Have you ever known someone who gets angry over the slightest trifle? Everything makes them blow their cork, and they chalk this off as part of their personality. I’m Irish, and I think anger is considered a family trait among people from the Emerald Isle. I think this is nothing more than a lame excuse for a life that is out of sorts.
Anger hurts our relationships and our health.
Anger takes a toll on our relationships and our health. AAA recently reported that as many as 1200 serious incidents of road rage occur on America’s highways every year. Angry people intentionally smash into others, intimidate them with firearms, or beat their cars with golf clubs.
Research studies have proven that angry people suffer from higher blood pressures, heart rates, testosterone, and cortisol responses than people who know how to deal with their frustrations.
Everyone gets angry.
It’s important to understand that it’s okay to get angry. Everyone does from time to time. Anger is our heart’s way of telling us that something needs attention. It’s how we deal with our anger that determines whether or not we enjoy positive relationships and good health.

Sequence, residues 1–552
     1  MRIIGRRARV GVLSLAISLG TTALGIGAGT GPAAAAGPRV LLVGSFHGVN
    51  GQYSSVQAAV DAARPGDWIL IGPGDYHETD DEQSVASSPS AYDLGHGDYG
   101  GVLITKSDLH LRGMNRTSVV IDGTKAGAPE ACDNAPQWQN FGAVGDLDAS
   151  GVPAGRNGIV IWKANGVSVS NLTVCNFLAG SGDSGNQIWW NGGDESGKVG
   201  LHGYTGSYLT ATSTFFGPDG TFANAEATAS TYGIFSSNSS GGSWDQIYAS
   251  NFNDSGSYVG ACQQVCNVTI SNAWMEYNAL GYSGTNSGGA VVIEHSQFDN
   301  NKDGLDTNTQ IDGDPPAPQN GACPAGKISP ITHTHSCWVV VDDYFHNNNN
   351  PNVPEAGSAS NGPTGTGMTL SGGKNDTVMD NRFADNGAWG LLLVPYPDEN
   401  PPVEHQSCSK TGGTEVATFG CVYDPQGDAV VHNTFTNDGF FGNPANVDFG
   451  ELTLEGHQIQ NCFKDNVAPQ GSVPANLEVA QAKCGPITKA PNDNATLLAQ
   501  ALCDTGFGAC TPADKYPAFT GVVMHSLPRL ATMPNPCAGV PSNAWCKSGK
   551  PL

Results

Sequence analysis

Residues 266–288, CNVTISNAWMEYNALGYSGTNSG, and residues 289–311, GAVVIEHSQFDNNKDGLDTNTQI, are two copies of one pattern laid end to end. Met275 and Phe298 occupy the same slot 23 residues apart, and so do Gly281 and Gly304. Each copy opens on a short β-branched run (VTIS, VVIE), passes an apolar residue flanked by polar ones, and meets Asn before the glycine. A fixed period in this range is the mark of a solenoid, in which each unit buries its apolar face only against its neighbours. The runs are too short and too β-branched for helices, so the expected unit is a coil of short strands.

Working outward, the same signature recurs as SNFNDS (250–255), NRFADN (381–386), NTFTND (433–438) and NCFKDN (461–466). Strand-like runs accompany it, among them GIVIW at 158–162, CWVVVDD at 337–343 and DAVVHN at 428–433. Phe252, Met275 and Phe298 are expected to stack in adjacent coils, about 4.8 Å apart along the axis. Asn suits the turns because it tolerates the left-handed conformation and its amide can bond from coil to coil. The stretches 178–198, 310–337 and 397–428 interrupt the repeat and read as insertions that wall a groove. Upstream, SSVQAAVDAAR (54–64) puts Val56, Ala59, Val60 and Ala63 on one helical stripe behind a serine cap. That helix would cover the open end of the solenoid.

Romans 1:18 (NIV) tells us that God gets angry: But God shows his anger from heaven against all sinful, wicked people who suppress the truth by their wickedness.
The Bible also tells us that Jesus got angry. Mark 11:15-17 (NIV) recalls the story of Jesus’ reaction to the anger he felt when he discovered people using the temple as a marketplace:
When they arrived back in Jerusalem, Jesus entered the Temple and began to drive out the people buying and selling animals for sacrifices. He knocked over the tables of the money changers and the chairs of those selling doves, and he stopped everyone from using the Temple as a marketplace. He said to them, “The Scriptures declare, ‘My Temple will be called a house of prayer for all nations,’ but you have turned it into a den of thieves.”
God made us in his image; therefore it is natural for us to feel angry at times. Anger is our built-in warning signal that tells us when something is not consistent with God’s Word. If we respond to it properly, anger can help us to get things changed.
Are you struggling with chronic anger? Take some time today to write down the things that really steam your clams. Ask God to help you identify the deeper anger that you may have pushed into the dark recesses of your memory as a result of abuse.
For more in-depth reading and exercises about forgiveness, please visit cheryldenton.com to buy a copy of my book, The Road to Forgiveness: Removing the Roadblocks. Click on the image below to find out more about my writing and my ministry.